Kaiserman, now the interim rabbi at a congregation in California, told me, “You can argue with someone that they’re misreading the text or that times have changed. But no argument will be compelling to someone who insists that being gay is an abomination.” He went on to explain: “With my community I have the same conversations I would about any social issue I’m on the left about. The Torah is not an obstacle to believing what I believe. Subjecting someone to a life of misery and shame and humiliation and lying is not the way we intend for people to live.”
But even in left-leaning communities, acceptance can be more theoretical than actual. Joanna Ware, lead organizer and training coordinator for Keshet, an organization that works for the full inclusion of LGBTQ Jews in Jewish life, said, “It’s great to have our hearts in the right place, but we need the skills and tools to figure out how to make acceptance real. It’s great for a rabbi to think, ‘If I were asked to officiate at a same-sex union, I’d be open to it,’ but if he doesn’t communicate that, he won’t be asked. It’s one thing for Hebrew school principals to respond to bullying, but something else entirely to be proactive. Our leaders need to think, ‘What is the community I want to create, and how do I foster norms that facilitate this kind of environment?’ ”
For example, congregations and religious schools could consider ways to engage cool sixth-graders to model the way to behave for younger students. Synagogues should think about language, communication materials, how often leaders speak specifically to LGBTQ inclusion. Ware said, “A lot of times we hear, ‘We welcome all people!’ but then it turns out, ‘Oh, we didn’t mean people like you.’ That can be true of Jews of color, Jews by choice, Jews with disabilities, interfaith families.”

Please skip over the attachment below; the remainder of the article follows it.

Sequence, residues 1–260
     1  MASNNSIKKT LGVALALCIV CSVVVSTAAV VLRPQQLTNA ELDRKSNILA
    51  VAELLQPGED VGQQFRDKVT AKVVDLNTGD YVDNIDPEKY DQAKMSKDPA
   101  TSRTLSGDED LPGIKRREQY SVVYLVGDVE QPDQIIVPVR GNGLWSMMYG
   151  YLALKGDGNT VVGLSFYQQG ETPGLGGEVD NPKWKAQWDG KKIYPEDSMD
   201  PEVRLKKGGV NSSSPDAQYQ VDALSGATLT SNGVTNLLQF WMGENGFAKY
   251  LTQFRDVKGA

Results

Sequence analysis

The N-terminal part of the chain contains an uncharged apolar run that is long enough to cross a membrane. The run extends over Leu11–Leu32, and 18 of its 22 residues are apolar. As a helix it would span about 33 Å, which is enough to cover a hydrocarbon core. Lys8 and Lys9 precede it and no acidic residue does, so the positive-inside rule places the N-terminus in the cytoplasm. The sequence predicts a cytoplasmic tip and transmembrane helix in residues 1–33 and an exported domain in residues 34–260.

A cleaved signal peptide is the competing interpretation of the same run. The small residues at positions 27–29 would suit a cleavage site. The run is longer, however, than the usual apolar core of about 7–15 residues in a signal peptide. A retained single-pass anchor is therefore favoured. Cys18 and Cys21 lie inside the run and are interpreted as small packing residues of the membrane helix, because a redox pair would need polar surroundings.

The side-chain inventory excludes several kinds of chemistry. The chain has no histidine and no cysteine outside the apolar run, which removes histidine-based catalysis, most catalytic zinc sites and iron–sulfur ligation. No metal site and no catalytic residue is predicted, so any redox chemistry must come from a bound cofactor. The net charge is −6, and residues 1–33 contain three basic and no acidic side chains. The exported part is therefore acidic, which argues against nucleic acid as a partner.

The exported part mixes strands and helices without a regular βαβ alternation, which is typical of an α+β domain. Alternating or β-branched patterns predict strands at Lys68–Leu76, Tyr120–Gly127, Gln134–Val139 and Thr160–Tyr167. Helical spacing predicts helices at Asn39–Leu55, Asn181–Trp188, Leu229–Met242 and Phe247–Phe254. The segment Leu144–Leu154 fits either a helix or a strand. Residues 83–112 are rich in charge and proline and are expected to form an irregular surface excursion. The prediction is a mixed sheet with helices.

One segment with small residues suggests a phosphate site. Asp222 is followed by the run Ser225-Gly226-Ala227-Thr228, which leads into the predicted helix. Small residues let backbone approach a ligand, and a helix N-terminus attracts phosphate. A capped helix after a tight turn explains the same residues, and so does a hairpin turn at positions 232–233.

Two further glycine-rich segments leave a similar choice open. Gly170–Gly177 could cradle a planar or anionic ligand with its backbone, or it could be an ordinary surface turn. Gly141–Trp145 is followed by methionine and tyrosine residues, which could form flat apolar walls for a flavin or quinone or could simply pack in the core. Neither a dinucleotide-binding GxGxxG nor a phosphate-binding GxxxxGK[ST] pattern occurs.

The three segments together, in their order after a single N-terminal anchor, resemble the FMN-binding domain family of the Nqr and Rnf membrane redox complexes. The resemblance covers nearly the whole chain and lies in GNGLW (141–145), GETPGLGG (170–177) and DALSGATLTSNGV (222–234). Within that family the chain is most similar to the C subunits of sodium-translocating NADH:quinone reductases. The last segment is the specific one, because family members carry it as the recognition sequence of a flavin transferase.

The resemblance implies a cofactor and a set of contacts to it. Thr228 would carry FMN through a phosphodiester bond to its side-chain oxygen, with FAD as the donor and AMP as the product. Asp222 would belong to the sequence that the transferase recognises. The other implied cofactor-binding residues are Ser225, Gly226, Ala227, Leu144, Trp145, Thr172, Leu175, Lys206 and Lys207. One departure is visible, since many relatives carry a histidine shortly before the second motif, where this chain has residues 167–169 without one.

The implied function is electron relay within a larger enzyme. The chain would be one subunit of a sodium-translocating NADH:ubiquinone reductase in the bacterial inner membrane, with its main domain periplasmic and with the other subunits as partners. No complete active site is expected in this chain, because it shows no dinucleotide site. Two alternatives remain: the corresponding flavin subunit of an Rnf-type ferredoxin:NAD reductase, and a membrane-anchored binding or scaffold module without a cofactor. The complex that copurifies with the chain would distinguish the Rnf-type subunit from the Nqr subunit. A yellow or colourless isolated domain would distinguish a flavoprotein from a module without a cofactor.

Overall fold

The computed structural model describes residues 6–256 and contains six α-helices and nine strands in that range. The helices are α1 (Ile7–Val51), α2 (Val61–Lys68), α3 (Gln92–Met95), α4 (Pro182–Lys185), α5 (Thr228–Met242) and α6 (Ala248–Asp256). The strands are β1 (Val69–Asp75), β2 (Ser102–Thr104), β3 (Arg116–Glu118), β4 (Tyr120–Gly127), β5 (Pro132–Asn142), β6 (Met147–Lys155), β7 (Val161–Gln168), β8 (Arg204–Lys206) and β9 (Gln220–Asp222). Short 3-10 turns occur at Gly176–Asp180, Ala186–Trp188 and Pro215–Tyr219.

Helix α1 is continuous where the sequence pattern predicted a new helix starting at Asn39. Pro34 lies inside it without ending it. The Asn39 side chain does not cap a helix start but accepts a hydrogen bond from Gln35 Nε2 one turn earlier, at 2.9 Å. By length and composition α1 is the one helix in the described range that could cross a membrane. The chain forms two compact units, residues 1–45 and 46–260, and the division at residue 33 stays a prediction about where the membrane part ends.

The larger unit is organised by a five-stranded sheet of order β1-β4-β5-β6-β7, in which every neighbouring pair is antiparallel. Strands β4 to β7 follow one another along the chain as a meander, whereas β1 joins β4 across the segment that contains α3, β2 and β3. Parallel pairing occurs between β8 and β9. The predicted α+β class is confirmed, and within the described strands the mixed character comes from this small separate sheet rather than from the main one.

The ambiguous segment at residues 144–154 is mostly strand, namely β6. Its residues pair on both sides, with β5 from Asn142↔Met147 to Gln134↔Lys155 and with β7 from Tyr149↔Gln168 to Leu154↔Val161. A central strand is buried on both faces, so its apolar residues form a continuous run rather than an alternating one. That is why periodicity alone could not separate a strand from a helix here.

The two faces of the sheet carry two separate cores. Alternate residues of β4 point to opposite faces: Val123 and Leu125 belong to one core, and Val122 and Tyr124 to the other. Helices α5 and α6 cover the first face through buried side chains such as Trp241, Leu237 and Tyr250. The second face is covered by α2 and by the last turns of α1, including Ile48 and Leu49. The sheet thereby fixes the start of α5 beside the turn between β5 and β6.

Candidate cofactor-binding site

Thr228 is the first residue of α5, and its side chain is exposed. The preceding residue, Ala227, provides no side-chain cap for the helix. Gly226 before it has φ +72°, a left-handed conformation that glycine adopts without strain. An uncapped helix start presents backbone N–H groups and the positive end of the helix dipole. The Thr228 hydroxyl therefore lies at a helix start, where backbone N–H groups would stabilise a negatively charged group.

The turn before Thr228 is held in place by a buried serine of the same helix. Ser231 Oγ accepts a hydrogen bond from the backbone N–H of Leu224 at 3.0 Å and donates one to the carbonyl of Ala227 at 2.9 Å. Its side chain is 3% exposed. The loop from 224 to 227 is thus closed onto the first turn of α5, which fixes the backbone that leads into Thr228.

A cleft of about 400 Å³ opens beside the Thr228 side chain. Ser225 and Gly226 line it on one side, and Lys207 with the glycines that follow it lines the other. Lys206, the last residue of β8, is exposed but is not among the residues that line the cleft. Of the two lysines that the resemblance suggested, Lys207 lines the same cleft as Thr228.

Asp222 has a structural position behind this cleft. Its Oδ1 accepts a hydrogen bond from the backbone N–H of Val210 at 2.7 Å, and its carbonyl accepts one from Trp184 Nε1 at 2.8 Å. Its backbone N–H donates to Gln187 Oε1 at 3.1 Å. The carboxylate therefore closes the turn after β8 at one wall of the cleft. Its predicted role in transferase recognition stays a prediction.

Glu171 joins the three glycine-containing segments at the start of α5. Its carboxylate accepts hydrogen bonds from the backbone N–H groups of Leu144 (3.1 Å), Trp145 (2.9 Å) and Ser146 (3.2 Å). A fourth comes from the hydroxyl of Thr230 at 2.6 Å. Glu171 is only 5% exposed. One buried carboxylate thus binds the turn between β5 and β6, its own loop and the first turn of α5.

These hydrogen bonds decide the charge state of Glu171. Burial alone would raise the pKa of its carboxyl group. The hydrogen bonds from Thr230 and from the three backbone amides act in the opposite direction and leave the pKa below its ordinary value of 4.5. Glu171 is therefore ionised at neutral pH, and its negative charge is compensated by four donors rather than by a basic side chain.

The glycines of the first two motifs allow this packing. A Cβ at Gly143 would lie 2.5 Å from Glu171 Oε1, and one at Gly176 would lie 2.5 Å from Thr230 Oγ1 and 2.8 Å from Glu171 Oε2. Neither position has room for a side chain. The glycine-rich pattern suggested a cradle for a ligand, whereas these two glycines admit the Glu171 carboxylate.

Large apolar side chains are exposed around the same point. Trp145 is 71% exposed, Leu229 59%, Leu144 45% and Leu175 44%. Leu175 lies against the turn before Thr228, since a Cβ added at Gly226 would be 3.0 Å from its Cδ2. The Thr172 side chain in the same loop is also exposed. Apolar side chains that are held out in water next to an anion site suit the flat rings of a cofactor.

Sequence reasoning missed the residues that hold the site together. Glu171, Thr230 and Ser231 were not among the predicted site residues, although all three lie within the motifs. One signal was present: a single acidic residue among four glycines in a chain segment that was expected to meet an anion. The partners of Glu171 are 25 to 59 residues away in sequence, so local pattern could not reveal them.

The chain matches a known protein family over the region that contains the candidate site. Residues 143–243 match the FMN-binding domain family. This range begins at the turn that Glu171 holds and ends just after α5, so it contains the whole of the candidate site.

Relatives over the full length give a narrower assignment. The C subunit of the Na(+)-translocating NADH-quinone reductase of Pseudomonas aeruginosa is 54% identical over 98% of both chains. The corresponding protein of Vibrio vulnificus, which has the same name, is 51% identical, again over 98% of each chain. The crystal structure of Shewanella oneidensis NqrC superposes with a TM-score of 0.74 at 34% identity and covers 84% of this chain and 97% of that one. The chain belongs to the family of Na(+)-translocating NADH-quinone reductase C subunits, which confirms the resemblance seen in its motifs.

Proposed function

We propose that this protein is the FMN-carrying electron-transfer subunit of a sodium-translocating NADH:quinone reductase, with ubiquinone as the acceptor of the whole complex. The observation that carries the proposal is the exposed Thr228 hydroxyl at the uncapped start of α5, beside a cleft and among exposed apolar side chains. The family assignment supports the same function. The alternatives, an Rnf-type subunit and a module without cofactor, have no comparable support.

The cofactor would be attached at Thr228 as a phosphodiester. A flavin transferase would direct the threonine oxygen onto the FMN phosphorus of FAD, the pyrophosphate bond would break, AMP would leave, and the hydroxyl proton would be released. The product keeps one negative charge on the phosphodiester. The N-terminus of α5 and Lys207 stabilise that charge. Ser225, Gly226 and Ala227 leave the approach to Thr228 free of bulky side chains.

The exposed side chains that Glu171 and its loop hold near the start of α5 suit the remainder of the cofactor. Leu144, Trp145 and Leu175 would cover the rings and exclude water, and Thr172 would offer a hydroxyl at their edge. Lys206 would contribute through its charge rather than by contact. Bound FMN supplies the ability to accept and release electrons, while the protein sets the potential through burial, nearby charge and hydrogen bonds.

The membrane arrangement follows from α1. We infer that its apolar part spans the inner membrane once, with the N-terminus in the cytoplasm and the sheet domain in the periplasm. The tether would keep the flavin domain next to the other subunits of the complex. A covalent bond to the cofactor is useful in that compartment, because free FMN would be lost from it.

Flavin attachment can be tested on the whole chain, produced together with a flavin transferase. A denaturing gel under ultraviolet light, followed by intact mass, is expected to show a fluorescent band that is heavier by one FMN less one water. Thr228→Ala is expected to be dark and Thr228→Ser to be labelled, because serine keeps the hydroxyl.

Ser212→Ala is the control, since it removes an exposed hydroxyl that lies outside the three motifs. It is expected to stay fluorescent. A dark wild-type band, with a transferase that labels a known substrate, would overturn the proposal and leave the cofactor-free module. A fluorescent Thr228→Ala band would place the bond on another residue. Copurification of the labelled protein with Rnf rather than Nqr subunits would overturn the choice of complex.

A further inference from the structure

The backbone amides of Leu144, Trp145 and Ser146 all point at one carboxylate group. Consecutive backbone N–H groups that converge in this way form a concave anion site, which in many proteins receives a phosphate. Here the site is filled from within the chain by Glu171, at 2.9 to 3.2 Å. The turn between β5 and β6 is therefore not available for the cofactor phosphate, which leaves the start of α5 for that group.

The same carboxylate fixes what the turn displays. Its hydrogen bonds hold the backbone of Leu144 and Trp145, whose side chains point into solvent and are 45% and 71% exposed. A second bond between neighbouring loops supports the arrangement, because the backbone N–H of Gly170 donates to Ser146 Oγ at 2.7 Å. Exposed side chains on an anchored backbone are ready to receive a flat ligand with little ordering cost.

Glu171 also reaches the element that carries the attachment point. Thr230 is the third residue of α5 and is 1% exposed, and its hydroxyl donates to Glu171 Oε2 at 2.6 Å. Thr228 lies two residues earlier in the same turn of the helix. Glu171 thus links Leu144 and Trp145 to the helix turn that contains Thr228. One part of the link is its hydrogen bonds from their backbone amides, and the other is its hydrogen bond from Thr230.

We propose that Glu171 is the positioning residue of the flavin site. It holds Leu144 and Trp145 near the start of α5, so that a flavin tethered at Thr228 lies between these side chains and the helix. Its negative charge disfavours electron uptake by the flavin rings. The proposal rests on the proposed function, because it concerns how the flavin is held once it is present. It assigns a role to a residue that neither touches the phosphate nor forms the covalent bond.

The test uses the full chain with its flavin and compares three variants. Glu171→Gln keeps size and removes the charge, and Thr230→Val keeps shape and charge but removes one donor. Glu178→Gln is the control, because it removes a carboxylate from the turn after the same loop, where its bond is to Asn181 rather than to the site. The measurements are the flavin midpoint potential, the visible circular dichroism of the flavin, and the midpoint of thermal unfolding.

Ware says that religious schools can support a climate of acceptance by sending a clear message that they value all students. “We need visibility in a visual sense. For instance, LGBTQ safe-zone stickers are physical indicators that say this is a safe space for all kids.” And we need to accept that words can seriously wound. Schwartz points to a 2010 study that found that more than 72 percent of gay students said they frequently heard slurs like “faggot” at school, and almost 90 percent had heard the word “gay” used in a negative way. Nearly 87 percent reported they were distressed by the language (as Joe was). So, teachers, support staff, custodians, and parents all need to play a role in nipping such language in the bud.
“Judaism should be associated with support,” Ware said. “One way is for religious schools to be clear, in words and actions, that this is where you can be protected to be yourself.” Ware tells the story of a gay man who recalled being teased by Hebrew school classmates for being, in his words, “not the most masculine kid.” When he was around 10, another student muttered, “I don’t want to sit next to that fag.” The teacher literally dropped her books and made it unequivocally clear that that such language and behavior were not acceptable in the community or in the sanctuary. “What was striking to me,” Ware said, “was what the student said: ‘I was terribly embarrassed at the time, but when I look back now it was the first time anyone stood up for me, and it was in my synagogue, in a Jewish community … and because of that the Jewish community has always felt like a safe space for me.’ ”
Jews have been hooked on fake butter for a century. It’s time to banish it from our kitchens.